According to the National Center for Missing and Exploited Children, 84% of reports the Center receives about online child pornography come from email providers like Google. Google, however, is voluntarily expanding its efforts to use its resources to help track down suspected child pornography.
All while the person who owns and uses that email account or Google search engine and continues to go about his daily activities without any awareness that this is going on.
Until the police show up and bust him – which is exactly what happened recently to Michael Ray Hill in Tuscon, Arizona. Tuscon police showed up at his door and arrested him for grabbing over 200 child pornography images from the Web and downloading them onto his computer. Tuscon police learned about Mr. Hill after Google had notified the National Center about Google’s concerns about things found in Hill’s GMail account.
Google Announces Expanded Efforts to Help Law Enforcement Find Child Pornography Online Through Email, YouTube videos, and Google Search
This week, Google announced that they are working to build advanced technology designed specifically to find online child porn via the Google search engine as well as blocking images that are (or could be) child pornography from showing up in Google search engine results. Already they have targeted alerts for over 100,000 different search queries (words, phrases used in a Google search).
Google’s subsidiary YouTube is also testing out a new technology that will be able to find and filter out child pornography videos. Explained Eric Schmidt of Google in an op-ed piece he wrote for the UK Daily Mail (read the entire piece here):
There are many organisations working to fight the sexual exploitation of kids online – and we want to ensure they have the best technical support. So Google plans to second computer engineers to both the Internet Watch Foundation (IWF) here in Britain and the US National Center for Missing and Exploited Children (NCMEC). We also plan to fund internships for other engineers at these organisations. This will help the IWF and NCMEC stay one step ahead.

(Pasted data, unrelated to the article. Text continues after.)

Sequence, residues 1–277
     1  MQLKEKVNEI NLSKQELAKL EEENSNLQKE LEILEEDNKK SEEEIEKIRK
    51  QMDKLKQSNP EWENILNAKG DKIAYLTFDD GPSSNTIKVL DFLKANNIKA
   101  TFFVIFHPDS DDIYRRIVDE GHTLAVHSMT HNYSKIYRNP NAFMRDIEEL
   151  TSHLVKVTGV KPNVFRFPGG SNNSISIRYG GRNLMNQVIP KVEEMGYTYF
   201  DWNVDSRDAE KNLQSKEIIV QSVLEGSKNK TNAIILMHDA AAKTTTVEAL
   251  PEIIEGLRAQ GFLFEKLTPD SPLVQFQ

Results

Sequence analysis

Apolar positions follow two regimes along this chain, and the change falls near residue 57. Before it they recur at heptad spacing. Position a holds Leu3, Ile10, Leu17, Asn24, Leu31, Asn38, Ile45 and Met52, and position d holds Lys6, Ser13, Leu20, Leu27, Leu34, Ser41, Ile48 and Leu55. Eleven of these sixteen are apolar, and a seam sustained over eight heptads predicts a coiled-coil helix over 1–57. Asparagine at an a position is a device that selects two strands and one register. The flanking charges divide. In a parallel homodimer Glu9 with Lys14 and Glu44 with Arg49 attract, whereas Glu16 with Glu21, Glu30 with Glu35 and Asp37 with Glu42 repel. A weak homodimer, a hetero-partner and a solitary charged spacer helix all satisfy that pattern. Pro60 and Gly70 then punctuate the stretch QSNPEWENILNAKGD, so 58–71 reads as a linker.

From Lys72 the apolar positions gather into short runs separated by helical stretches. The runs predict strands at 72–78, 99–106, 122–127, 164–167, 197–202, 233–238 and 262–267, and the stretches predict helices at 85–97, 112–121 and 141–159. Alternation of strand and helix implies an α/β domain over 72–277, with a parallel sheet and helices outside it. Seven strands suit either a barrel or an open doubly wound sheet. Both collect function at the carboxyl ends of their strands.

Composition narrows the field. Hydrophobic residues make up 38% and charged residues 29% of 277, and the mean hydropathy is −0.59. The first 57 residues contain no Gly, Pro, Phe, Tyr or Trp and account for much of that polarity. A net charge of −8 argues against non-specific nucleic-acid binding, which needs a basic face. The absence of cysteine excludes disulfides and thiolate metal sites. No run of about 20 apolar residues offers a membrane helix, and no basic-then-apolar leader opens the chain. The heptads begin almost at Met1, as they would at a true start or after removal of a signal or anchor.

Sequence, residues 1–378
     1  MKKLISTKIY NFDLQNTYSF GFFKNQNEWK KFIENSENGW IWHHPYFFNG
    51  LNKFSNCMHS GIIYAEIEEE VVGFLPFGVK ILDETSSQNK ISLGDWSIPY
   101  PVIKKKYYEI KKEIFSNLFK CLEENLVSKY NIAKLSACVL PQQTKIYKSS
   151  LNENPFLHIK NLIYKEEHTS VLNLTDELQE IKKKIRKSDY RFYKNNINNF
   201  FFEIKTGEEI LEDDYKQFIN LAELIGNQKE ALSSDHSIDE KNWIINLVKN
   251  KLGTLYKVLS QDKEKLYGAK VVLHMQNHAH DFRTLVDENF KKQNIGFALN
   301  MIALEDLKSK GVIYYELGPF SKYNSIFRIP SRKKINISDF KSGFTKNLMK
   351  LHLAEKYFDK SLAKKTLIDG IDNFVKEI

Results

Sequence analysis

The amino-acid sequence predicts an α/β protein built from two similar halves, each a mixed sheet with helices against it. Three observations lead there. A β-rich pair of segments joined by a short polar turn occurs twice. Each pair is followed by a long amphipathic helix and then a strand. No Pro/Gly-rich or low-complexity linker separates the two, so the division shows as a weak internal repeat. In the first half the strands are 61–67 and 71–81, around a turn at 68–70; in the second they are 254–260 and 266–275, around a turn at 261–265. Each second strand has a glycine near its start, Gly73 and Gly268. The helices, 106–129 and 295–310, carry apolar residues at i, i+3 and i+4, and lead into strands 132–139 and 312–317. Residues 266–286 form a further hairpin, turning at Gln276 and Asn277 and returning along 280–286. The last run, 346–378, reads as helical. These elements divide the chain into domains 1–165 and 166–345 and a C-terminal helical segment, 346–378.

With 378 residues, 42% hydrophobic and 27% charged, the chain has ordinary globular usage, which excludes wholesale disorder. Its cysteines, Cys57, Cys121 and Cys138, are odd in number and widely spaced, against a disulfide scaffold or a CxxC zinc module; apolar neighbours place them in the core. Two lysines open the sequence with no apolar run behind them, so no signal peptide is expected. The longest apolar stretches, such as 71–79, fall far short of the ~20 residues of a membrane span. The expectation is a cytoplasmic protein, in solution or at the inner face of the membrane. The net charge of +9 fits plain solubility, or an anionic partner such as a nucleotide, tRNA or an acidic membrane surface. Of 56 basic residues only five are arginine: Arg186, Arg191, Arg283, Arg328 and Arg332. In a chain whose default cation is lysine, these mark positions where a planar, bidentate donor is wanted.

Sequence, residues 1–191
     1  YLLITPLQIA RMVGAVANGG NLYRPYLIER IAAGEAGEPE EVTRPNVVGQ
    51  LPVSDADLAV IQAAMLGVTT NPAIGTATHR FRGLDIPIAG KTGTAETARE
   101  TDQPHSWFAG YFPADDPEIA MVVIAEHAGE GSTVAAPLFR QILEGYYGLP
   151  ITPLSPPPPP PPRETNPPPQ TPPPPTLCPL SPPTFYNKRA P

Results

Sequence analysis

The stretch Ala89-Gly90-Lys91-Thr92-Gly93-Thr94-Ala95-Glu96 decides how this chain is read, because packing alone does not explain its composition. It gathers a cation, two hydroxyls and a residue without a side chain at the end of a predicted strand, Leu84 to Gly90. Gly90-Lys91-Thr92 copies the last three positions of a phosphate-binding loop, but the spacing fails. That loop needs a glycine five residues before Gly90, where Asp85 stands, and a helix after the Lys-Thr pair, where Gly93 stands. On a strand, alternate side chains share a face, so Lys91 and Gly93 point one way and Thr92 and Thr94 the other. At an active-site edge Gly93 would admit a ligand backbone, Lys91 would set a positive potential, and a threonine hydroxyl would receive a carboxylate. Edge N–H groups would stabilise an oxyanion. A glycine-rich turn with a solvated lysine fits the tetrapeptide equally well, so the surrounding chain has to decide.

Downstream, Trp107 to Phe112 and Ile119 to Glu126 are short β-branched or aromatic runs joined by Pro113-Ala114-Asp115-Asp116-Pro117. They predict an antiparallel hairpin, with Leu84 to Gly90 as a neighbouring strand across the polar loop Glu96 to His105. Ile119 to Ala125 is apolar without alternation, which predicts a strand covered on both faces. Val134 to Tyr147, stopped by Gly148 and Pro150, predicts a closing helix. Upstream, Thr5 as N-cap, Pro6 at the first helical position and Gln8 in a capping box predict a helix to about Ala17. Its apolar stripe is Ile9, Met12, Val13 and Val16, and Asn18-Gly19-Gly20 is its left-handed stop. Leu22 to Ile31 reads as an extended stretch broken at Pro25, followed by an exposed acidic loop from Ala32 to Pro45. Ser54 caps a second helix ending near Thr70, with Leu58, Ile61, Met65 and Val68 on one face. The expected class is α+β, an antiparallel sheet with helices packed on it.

The sexual abuse of children is a global challenge, and success depends on everyone working together – law enforcement, internet companies and charities. We welcome the lead taken by the British Government, and hope that the technologies developed (and shared) by our industry will make a real difference in the fight against this terrible crime.
How Can Google Do This? Read the Terms of Service
When anyone agrees to take up Google on its offer of free email service or free search engine search, then that person must agree to the Terms of Service that Google has established as a condition of doing business with Google. Part of that language (which few people read, right?) allows Google to do this sort of snooping into email accounts and search queries.
Which seems like a legitimate thing to do in the protection of children from sexual exploitation, many argue, but what about someone who might get caught up in the automation system who is innocent of allegations made against him (or her)?
For more about child pornography charges, please check out our web resources page on the federal crime of Possession and Distribution of Child Pornography and our recent blog post, “Federal Child Pornography Charges Often Involve Federal Surveillance Of Online Communications, Personal Email Records, Stored Computer Files,” as well as Case Results which include:
(1) sentencing hearing representation by Michael Lowe in charges of Transport and Receipt of Child Pornography where non-guideline sentence of the absolute minimum sentence under federal law was given despite prosecution’s request for Maximum Federal Sentence of 235 to 293 months; and
(2) state investigation into Online Solicitation of a Minor resulted in probation with no jail time and no loss of employment/professional status for Mr. Lowe’s client.